Woman shot dead as riots break out in Northern Ireland

A woman has been shot dead in a suspected terrorist incident in Northern Ireland.

Riots broke out in the city of Londonderry, just kilometres from the Irish border, police confirmed on Friday.

Images posted on social media showed a car and van ablaze and hooded individuals throwing petrol bombs and fireworks at police vehicles.

It was not immediately clear who the woman was or who shot her.

"Sadly I can confirm that following shots being fired tonight in Creggan, a 29-year-old woman has been killed," Assistant Chief Constable Mark Hamilton said in a statement on Twitter.

Petrol bombs are thrown at police in Creggan, Londonderry. Source: AP

"We are treating this as a terrorist incident and we have launched a murder enquiry."

The violence came in the run-up to the Easter weekend, when Republicans opposed to British presence in Northern Ireland marking the anniversary of a 1916 uprising against British rule.

A car-bombing and the hijacking of two vans in Londonderry, also known as Derry, earlier this year were blamed on a dissident paramilitary group.

A car is set on fire after petrol bombs were thrown. Source: AAP
Armed police at the scene of unrest. Source: AAP

Arlene Foster, leader of the Democratic Union Party, which is in favour of Britain's presence in Northern Ireland, described the death as "heartbreaking news".

"A senseless act. A family has been torn apart. Those who brought guns onto our streets in the 70s, 80s and 90s were wrong. It is equally wrong in 2019. No one wants to go back," she wrote on Twitter.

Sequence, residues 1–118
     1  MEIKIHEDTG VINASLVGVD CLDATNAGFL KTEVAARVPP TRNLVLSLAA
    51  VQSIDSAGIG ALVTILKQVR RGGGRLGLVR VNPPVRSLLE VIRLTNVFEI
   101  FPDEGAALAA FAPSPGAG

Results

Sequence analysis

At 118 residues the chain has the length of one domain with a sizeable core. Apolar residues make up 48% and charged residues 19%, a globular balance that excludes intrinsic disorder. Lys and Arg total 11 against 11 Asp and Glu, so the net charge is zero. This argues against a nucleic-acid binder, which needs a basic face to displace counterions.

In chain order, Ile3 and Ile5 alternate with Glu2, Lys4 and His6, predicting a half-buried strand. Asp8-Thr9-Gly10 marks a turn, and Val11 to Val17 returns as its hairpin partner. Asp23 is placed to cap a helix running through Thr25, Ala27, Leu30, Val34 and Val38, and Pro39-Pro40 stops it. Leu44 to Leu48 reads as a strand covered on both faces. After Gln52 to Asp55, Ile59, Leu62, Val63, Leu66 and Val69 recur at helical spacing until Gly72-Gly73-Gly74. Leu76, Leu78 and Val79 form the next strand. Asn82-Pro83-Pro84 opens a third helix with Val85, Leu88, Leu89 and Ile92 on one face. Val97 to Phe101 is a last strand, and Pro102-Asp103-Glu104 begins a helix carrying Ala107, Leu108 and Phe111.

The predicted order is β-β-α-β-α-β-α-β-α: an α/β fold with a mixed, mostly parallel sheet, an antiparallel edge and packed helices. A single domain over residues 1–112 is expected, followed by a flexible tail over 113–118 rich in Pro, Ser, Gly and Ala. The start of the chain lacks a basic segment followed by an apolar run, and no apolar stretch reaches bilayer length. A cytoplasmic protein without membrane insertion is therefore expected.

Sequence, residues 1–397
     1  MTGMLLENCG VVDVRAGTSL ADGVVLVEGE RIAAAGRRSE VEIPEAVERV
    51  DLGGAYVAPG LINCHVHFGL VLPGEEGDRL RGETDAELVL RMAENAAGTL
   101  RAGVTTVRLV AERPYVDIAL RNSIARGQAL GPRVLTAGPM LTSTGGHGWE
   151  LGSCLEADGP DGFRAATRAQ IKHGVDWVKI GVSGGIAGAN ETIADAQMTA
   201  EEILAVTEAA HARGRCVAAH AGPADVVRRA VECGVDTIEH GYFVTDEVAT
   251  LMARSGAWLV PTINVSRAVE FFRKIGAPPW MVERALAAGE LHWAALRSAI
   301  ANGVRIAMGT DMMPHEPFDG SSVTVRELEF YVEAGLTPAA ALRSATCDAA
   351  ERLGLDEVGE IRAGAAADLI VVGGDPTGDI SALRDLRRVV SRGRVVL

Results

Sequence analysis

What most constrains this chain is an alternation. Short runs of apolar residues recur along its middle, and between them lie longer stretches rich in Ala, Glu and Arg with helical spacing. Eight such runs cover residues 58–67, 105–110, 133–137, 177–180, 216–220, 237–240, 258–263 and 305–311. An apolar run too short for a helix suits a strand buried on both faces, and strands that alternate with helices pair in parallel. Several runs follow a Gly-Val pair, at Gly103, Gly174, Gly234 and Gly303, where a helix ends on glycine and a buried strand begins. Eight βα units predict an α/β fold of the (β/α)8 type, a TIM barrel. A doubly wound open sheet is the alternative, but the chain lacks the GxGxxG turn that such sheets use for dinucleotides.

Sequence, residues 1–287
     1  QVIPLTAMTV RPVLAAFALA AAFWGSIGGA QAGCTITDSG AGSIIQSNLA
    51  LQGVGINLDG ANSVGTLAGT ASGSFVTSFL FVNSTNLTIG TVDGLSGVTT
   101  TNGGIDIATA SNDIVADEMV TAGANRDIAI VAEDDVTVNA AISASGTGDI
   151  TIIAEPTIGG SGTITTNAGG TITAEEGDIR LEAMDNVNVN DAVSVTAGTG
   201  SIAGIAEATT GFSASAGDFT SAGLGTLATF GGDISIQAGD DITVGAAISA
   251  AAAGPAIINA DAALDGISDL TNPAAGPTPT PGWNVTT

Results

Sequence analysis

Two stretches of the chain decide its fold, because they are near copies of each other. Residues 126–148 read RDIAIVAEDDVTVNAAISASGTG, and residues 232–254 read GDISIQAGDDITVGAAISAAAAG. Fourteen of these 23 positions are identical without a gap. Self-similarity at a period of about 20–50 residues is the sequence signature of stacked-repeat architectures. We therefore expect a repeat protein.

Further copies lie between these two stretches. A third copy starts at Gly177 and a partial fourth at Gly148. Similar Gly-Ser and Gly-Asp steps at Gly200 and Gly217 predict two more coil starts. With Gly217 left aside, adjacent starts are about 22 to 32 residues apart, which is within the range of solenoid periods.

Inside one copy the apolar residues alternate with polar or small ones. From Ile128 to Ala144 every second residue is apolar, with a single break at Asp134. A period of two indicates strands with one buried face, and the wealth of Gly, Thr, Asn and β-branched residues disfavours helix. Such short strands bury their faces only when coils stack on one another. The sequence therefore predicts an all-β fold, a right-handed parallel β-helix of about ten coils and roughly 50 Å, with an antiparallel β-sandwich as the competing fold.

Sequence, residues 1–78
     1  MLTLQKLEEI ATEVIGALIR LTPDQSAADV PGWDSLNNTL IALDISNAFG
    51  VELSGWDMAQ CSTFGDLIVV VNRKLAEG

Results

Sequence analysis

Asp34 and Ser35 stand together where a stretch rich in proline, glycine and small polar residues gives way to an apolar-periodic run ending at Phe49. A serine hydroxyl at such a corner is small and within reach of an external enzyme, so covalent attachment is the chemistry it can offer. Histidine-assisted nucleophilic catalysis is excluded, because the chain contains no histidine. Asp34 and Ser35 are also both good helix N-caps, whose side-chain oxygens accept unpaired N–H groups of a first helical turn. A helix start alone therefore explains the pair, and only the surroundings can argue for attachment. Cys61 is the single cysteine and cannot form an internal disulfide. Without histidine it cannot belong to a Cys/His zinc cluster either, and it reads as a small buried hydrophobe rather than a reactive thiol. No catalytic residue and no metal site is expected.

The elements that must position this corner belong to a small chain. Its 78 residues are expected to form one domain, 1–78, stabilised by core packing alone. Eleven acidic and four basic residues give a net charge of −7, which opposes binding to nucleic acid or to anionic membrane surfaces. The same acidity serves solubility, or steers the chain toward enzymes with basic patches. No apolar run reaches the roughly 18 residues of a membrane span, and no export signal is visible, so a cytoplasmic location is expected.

A 1998 peace deal largely brought an end to three decades of sectarian bloodshed in Northern Ireland between republican and unionist paramilitaries, as well as British armed forces, in a period known as "the Troubles".

Some 3500 people were killed in the conflict – many at the hands of the Irish Republican Army (IRA).

Crowds watch on as a car goes up in flames. Source: AAP

Police have blamed a group called the New IRA for the flare-up in violence in recent months.

Some have expressed fears that recent attacks could be a sign that paramilitaries are seeking to exploit the current political turbulence over Northern Ireland and its border with the Republic of Ireland caused by Brexit.

Michelle O'Neill, the deputy leader of Irish republican party Sinn Fein, condemned those responsible for the killing.

"My heart goes out to the family of the young woman shot dead by so-called dissidents," she wrote on Twitter.

"This was an attack on the community, an attack on the peace process and an attack on the Good Friday Agreement," she added, while calling for calm.

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